Juneteenth originated in Galveston, Texas in 1865, observing June 19th as African American emancipation day. Two and a half years after Abraham Lincoln's Emancipation Proclamation of 1863, Union soldiers landed at Galveston, Texas with news that the war had ended and the enslaved were free.
Many great men and women were born into slavery, but overcame obstacles and became politicians, thus becoming spokespeople for the many who suffered and continued to suffer even after the Emancipation Proclamation. One such person is Booker T. Washington, born April 5, 1856 in Hale's Ford, Virginia. His mother was a slave and his father was a white plantation owner. Being born to a slave, he was also a slave, according to laws at that time. In 1865, they were granted their freedom under the Emancipation Proclamation. He and his mother and siblings moved to Malden, WV to reunite with his stepfather. At the age of nine, he worked various jobs with his mother and even was briefly hired to work on a steamboat. He became a houseboy for Viola Ruffner, the wife of General Lewis Ruffner. She encouraged him to attend school and study. Soon he was ready for higher learning and enrolled at Hampton Normal and Agricultural Institute, paying his way by working. From 1878 to 1879, he went to Wayland Seminary in Washington, DC and returned to Hampton to teach. He was recommended by Hampton officials for a principals position at a similar school that was being opened in Alabama.
He became the first principal of the Tuskegee Normal and Industrial Institute in 1881, the school that is now Tuskegee University. Washington became friends with some very influential and prominent politicians and businessmen, such as Andrew Carnegie and William Howard Taft, through which several small schools were founded to establish better educational facilities for African Americans. One of his greatest friendships was with Henry H. Rogers, who became a principal in Standard Oil. Rogers, a millionaire, secretly funded 65 small country schools for African Americans and donated money to Tuskegee and Hampton Universities. Washington had become a great public speaker and was renowned as a brilliant educator. His famous Atlanta Address of 1895, urging business owners to hire African Americans rather than immigrants that were arriving daily and African Americans to join the workforce, changed hiring practices and attitudes and became one of the most important speeches in American History. Although only elected to university positions, Washington was quite influential in politics and made quite a mark on history.
Blanche K. Bruce was born in slavery March 1, 1841 in Virginia. During his moves from Virginia to Mississippi and then Missouri, he was tutored by his master's son. He escaped from slavery at the beginning of the Civil War and tried to enlist with the Union Army. He was refused entry and in 1864, he moved to Hannibal, Missouri and opened the first school for blacks. Five years later, he moved to Mississippi and became involved in politics. Among his appointments were registrar of voters in Tallahatchee County, tax assessor in Bolivar County, then was elected sheriff and tax collector of the same county. On a trip to Jackson, Mississippi in 1870, Bruce made some very important connections with powerful white Republicans and received several appointments that ultimately led to him being recognized as the most recognized black political leader in Mississippi. In 1874, he was elected to the United States Senate by the Mississippi legislature. He convinced the government to issue land grants in the west to black emigrants and called for desegregation of US Army units. On February 14, 1879 he became the first black senator to preside over a Senate session. He was an advocate for the humane treatment of Indians and became a lecturer and author of magazine articles. He died in Washington on March 17, 1898.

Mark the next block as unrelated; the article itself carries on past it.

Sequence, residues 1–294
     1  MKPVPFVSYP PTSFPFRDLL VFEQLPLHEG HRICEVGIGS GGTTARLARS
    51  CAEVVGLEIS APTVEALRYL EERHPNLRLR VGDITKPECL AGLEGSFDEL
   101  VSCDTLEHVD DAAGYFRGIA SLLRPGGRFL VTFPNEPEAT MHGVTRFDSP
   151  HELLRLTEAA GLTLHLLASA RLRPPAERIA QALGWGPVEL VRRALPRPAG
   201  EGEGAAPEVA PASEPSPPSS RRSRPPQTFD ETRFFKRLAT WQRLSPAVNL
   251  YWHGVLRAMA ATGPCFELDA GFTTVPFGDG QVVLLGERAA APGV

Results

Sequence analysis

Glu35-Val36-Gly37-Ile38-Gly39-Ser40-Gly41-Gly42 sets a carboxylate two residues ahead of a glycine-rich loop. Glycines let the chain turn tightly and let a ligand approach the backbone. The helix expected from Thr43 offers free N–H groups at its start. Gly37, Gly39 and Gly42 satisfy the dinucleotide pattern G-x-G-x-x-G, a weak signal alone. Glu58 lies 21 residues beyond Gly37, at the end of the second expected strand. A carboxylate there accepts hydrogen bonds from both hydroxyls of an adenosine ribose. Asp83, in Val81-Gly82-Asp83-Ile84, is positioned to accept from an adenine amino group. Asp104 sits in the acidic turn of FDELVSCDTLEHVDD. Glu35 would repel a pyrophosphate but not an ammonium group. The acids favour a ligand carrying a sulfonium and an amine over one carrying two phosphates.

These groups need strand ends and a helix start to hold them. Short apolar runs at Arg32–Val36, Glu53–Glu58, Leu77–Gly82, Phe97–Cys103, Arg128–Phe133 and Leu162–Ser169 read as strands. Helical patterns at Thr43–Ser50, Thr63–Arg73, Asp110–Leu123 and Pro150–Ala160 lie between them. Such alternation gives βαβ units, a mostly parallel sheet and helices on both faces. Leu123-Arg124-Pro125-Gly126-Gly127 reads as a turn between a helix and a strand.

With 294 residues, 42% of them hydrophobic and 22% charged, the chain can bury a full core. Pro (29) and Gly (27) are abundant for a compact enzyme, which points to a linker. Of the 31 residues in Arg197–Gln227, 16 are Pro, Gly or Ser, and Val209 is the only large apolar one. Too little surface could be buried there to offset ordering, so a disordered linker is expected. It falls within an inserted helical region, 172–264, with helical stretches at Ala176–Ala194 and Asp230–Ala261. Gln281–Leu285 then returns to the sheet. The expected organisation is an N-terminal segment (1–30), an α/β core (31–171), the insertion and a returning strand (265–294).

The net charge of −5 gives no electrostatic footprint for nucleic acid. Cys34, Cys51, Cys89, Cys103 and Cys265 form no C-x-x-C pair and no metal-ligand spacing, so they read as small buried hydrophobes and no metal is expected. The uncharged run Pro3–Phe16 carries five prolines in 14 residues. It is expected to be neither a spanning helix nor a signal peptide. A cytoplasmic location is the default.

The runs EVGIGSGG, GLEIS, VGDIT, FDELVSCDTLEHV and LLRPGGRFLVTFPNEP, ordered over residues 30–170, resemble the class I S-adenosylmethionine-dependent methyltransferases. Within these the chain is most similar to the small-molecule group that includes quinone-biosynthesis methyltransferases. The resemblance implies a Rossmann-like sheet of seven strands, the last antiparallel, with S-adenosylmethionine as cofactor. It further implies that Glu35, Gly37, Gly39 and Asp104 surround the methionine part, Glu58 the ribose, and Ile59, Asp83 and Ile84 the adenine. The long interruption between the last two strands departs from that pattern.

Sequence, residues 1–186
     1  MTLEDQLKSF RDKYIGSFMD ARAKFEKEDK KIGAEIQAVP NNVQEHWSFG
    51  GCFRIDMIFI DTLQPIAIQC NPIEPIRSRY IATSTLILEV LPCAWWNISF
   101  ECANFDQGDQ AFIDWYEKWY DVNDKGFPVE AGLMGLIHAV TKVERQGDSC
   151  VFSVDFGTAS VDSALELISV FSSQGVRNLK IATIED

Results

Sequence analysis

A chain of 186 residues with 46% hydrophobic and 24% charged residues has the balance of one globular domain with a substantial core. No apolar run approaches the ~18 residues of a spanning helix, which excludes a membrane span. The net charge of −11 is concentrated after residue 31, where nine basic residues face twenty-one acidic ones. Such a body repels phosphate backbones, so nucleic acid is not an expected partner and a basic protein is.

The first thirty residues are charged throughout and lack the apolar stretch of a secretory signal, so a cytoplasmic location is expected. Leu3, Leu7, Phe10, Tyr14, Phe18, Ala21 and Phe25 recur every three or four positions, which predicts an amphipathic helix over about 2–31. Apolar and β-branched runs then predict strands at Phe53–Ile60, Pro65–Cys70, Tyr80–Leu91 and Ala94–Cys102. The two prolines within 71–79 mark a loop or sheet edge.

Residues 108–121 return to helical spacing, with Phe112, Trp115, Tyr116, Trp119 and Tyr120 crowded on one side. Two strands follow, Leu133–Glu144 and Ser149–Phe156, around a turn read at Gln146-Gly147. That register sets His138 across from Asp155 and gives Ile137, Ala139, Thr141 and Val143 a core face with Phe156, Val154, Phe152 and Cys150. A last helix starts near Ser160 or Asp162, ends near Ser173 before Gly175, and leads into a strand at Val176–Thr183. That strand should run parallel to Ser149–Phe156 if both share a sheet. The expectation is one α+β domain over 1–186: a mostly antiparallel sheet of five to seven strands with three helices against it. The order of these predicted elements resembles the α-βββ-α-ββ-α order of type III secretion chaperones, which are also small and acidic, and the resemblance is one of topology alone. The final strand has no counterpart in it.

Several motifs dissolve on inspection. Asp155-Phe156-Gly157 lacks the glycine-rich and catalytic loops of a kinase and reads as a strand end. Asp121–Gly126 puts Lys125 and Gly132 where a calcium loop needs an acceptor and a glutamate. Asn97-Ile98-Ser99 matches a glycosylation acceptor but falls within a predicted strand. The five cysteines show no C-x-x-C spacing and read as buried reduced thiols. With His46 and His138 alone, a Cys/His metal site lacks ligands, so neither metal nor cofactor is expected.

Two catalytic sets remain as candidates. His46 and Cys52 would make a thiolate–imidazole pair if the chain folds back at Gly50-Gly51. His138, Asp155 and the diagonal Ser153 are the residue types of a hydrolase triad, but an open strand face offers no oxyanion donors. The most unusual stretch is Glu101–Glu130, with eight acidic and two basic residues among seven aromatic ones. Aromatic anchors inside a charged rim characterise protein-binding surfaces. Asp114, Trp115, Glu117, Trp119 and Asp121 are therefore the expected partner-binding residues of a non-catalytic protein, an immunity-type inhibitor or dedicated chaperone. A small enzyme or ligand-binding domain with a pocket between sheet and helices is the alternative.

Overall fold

John Roy Lynch was born September 10, 1847 on a plantation near Vidalia, Louisiana. His father was Patrick Lynch, manager of the plantation and his mother was Catherine White, a slave. Patrick Lynch, who was an Irish immigrant, purchased his wife and two children from the owner of the plantation, but due to a law in Louisiana, they had to leave the state in order for Lynch to free them. Lynch transferred ownership of his wife and children to a friend, as he was sick and dying, with the promise that they would be treated as free individuals. However, the friend reneged on his promise and sold the family to a planter in Natchez, Mississippi.
Union forces freed John Roy, then 16, in 1863. He worked several jobs and in 1866, he managed a photography shop in Natchez and learned to read from newspapers and books and was quite interested in parliamentary law. In 1868, he gave a number of speeches supporting Mississippi legislation that made all slave marriages legal. In 1869, he was sent by the Natchez Republican club to discuss political appointments with the Mississippi military governor. Impressed with his presentation, he was appointed to justice of the peace and later that year, he was elected to the Mississippi House of Representatives. He worked closely with Blanche K. Bruce, working mainly on black civil rights. Given his birth as a slave and lack of formal education, he truly made quite an impact for African Americans.
As the many people who made the pilgrimage back to Galveston, Texas every year to remember the actions of ancestors who made a difference, we should celebrate June 19th no matter what your heritage as all of our ancestors made sacrifices and stood up for what they believed in so that we have achieved the positions we have today. Go on a family outing, a picnic, a celebration, just as you would celebrate the Fourth of July, for that is what it is all about; celebrating the freedom you have because of the dedication and beliefs of those who walked that road before us and for us.